Tuesday, October 9, 2007

Harvesting Gewürztraminer


These are Gewürztraminer grapes that were harvested in the valley this weekend.
Gewürztraminer is one of the most pungent wine varietals, easy for even the beginning taster to recognize by its heady, aromatic scent.
The berries, with their thick and tough skins, can attain high sugar levels of amazing concentration. Alcohol levels, therefore, can get quite high in dry versions. Conversely, low acidity and high pH in Gewürztraminer are problematic. Close monitoring and precise harvest timing are critical. Early picking retains acid, but without long "hang time" distinctive varietal character fails to develop. Pleasant results are nearly impossible in warm climates.
The dark pink color of gewürztraminer grapes results in wines colored from light to dark golden yellow with a copper tone, depending upon the fruit ripeness. Gewürztraminer is quite full-bodied, more so than most any other white wine type. In fact, the combination of its strong, heady, perfumey scent, exotic lychee-nut flavor and heavy-oily texture can be overwhelming and tiring to many palates. There is a slight tendency to bitterness that seems exacerbated by ripeness, so a light touch is needed at the wine press. Many makers finish their Gewürztraminer with a mask of residual sugar thus the wine will be slightly sweet.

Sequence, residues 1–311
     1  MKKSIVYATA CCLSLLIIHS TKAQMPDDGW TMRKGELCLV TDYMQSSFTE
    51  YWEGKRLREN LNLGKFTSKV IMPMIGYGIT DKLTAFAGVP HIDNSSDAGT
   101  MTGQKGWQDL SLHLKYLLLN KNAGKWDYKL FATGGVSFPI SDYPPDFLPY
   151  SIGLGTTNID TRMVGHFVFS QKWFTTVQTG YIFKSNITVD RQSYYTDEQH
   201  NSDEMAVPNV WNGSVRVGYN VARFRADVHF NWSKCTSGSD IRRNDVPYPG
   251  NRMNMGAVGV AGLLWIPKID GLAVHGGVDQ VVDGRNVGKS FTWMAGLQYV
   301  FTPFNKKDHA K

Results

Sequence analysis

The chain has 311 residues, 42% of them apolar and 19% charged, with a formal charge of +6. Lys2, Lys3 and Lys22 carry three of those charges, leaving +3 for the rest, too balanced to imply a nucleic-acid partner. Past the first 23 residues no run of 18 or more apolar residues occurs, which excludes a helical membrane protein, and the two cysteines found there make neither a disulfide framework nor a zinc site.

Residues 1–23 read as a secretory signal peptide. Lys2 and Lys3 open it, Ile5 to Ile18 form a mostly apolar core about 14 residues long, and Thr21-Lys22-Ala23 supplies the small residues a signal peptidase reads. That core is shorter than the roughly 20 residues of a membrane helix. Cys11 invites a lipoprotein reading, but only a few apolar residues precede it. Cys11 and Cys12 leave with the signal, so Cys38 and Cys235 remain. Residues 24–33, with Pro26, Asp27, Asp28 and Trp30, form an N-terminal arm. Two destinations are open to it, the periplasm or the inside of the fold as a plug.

The most frequently encountered (but not exclusive) smell and/or flavor elements found in Gewürztraminer wines include:
Floral: rose petal, gardenia, honeysuckle
Fruity: lychee, linalool, peach, mango
Aggressive: spice, perfume
Gewürztraminer wines are an excellent match for fresh fruit and cheeses and a good complement to many simple fish and chicken dishes, especially recipes that include capsaicin (hot pepper) spices, oriental five spice, or even curry.
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